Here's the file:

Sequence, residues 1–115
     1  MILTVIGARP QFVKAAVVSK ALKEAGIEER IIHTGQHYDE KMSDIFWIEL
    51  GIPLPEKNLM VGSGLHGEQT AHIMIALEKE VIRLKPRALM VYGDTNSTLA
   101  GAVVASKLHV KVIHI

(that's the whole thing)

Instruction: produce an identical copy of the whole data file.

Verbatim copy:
Sequence, residues 1–115
     1  MILTVIGARP QFVKAAVVSK ALKEAGIEER IIHTGQHYDE KMSDIFWIEL
    51  GIPLPEKNLM VGSGLHGEQT AHIMIALEKE VIRLKPRALM VYGDTNSTLA
   101  GAVVASKLHV KVIHI